“If you have built castles in the air, your work need not be lost; that is where they should be. Now put the foundations under them.”
– Henry David Thoreau, Walden
‘Ships in the Sky’ is an oral history, film and exhibition project that celebrates the social history of Hull’s former central flagship Co-Operative Society store built after its predecessor was bombed in 1941. The store later became BHS and now lies abandoned in the city centre.
The project also looks at the ‘Three Ships’ mural – a curved concrete 66 x 64 ft screen depicting three stylised trawlers that spell ‘HULL’ in the masts and bears the motto ‘prosper through industry’. Commissioned by the Co-op in 1963 to adorn the front of the building, it comprises 4,224 foot square slabs set with Italian glass tesserae; the spectacular result is a mosaic encompassing 1,061,775 individual cubes that is regarded as the largest mosaic in the UK. The Co-Op’s public art brief was to “unite the community through art” and to “celebrate Hull’s maritime heritage” both statements being at the heart of the ‘Ships in the Sky’ project.
“Growing up in Hull, this unmissable piece of public art was formative in my love of modernism and wanting to study art. My Dad comes from a long line of trawler-men, and during our weekly trip for fried egg sandwiches to Fletchers opposite, he’d tell me tales of his first trawler trip at the age of 12 to Murmansk and beyond the Arctic Circle. Aside from an avid fondness for Boyson’s graphic modernist aesthetic, I associate the Three Ships with stories of fantastical voyages that began in Hull, and as a metaphor for where life might lead me; its destruction would break my heart.” – Esther Johnson (artist/filmmaker)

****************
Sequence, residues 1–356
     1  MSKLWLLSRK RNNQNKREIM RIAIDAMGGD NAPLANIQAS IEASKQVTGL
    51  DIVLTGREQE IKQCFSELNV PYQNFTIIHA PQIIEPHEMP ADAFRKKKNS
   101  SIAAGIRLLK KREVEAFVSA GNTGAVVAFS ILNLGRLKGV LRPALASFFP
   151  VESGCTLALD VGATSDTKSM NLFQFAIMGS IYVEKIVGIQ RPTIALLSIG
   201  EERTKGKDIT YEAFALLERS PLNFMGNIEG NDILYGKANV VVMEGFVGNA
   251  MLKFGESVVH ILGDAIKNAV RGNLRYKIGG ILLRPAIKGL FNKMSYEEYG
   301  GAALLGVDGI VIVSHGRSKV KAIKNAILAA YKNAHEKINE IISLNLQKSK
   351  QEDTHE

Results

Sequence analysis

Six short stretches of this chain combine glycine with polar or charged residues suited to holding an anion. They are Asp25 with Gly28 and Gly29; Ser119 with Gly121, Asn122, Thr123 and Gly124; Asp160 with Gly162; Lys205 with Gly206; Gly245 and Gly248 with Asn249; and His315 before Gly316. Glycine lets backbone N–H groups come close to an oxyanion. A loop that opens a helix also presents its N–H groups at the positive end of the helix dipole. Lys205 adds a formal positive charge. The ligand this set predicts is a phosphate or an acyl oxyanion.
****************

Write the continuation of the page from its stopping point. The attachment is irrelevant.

Oral histories are being collected to record the memories of Co-Op and BHS store shoppers and employees; architects and designers; local and national opinions on the building; memories of club-going in the various incarnations of the nightclub at the top of the building. Central themes include a look at the Hull fishing and maritime heritage connection and whether people believe the mural is important in terms of geographical and historical local identity. There will also be attention to the effects of this remarkable piece of public art on peoples’ navigation and memories of the unique public realm of Hull City Centre.